“People often ask me, ‘What kind of music do you like?’ and I always say, ‘The kind that pays bills.’” Aside from the money he earns from shows, Neuberger also teaches guitar out of his home in Woodbury. “When you’re doing music fulltime, you become a hired gun, so it’s better to not have all your eggs in one basket as a musician,” he says, noting he has played in rock bands, jazz combos, and wedding bands.
Harmonica player and singer Ken Butler says he took up the harmonica as a teenager. “It wasn’t until I was in my 30s that I began singing as well. I was kind of shy. I was in a couple of bands, but some time later I joined another guy who had just had a throat operation and couldn’t sing, so I went out and started singing for him.”
Together, Two for the Road create an eclectic mix of music that includes classic blues like Robert Johnson’s “Sweet Home Chicago,” but also some pop tunes from the likes of Van Morrison, Dylan, and other 1960s icons.
Jeff Carlson, a sommelier and manager at the Rats Restaurant complex, which has five private dining rooms, notes the Sunday jazz brunches with John Bianculli and other area jazz musicians have been enough of a success that he and Accardo have continued them, adding in the Tuesday night blues series.
Carlson says the music from Bianculli and other jazz groups that frequent Rats can be piped throughout the complex. The wood-lined walls and the preponderance of solid wood in Kafe Kabul and the restaurant makes the place an ideal listening room. Rats Restaurant at the Grounds for Sculpture opened in January, 2000, while Kafe Kabul opened in 2001, influenced by the 1942 classic film “Casablanca.”
The menu includes appetizers such as plate of assorted tapas ($14), fried olives ($6), poutines (French fries with cheese and gravy) ($6), and pate maison ($8). Salads include salad frisee aux lardon ($10), and roast beetroot salad with walnuts, endive, and Gorgonzola ($4). Main courses include Cuban sandwich with pulled pork, ham, pickes, and cheese with French fries or salad ($13), fall squash risotto ($14), and salmon with Puy lentils and a whole grain mustard sauce ($16). Desserts include Queen of Sheba cake ($8), pink grapefruit meringue pie ($6), and baked apple “Grand Mere” ($6).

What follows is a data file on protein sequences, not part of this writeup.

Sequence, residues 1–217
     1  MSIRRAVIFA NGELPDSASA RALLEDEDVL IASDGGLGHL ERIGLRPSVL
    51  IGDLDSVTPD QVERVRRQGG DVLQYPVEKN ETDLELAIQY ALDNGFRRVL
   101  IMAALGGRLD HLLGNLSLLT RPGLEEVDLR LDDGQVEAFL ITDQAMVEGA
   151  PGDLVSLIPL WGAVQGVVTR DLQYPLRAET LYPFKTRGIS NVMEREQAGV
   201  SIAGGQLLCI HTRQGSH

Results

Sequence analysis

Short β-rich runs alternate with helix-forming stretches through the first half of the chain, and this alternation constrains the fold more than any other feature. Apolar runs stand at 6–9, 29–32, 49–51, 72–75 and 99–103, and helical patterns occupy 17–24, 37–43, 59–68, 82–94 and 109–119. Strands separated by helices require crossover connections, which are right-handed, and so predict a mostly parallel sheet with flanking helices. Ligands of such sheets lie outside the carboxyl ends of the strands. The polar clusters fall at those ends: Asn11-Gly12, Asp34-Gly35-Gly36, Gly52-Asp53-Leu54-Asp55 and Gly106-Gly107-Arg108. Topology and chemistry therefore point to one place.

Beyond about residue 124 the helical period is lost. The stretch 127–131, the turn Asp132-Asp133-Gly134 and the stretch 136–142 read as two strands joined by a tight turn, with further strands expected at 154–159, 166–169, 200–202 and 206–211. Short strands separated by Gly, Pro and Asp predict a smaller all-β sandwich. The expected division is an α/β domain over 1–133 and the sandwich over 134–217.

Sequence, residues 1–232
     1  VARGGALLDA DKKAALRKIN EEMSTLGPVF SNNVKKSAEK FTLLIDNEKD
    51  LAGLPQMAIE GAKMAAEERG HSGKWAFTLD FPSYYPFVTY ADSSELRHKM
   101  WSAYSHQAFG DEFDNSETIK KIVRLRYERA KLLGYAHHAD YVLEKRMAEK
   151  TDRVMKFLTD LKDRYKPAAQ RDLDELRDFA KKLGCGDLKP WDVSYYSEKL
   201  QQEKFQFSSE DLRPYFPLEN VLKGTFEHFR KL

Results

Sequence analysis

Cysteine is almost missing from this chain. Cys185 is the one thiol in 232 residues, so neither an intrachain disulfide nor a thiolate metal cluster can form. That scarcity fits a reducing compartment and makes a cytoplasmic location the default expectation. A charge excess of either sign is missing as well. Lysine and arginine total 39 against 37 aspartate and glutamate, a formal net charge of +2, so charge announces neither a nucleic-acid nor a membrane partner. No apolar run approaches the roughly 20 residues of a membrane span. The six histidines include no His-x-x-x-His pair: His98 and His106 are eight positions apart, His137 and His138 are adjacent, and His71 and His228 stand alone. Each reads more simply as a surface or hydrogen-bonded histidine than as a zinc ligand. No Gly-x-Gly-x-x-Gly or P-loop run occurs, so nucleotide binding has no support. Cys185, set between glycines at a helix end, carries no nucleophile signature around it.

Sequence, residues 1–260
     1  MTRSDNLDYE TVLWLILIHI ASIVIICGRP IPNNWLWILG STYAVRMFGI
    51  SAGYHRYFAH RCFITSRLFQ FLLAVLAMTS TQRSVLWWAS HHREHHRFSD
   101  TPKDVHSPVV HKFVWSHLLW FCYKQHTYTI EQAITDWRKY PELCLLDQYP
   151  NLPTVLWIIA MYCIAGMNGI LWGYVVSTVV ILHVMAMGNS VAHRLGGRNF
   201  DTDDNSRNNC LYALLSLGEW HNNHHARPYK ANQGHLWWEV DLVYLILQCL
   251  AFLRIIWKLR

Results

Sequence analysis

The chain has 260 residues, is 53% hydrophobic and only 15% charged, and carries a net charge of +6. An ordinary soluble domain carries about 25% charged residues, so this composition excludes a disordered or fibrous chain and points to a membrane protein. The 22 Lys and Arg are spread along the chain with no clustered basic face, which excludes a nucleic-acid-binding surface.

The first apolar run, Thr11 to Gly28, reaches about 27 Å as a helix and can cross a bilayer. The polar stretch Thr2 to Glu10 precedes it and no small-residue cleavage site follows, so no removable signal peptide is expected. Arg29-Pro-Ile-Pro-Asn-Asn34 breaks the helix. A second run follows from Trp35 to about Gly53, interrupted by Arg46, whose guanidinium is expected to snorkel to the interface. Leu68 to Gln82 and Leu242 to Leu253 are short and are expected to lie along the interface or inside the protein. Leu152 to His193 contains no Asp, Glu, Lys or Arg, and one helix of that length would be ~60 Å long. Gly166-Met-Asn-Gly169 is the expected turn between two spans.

Carlson formerly ran a jazz club, Sambuca Jazz Cafe, in Dallas, for 15 years, and he also helped the chain expand into other cities like Houston, Atlanta, and Denver. “In Dallas we did everything from local acts to national acts,” he says, adding that he got to know nationally-recognized jazz musicians like Chuck Mangione, Branford Marsalis, Dee Dee Bridgewater, and Jeff Lorber, through booking them into the club in Dallas. Carlson says Rats’ management is thinking about expanding Grounds for Sculpture’s musical events to include some more national acts in the near future. “Eventually, we would like to be able to do bigger shows where, perhaps with an amphitheater, we could bring in people like Chuck Mangione or Jeff Lorber, as quite a few of these people have become friends of mine.”
Two for the Road, Tuesdays through March 14, 7 to 10 p.m. Kafe Kabul, Rats Restaurant, Grounds for Sculpture, 18 Fairgrounds Road, Hamilton. 609-584-7800.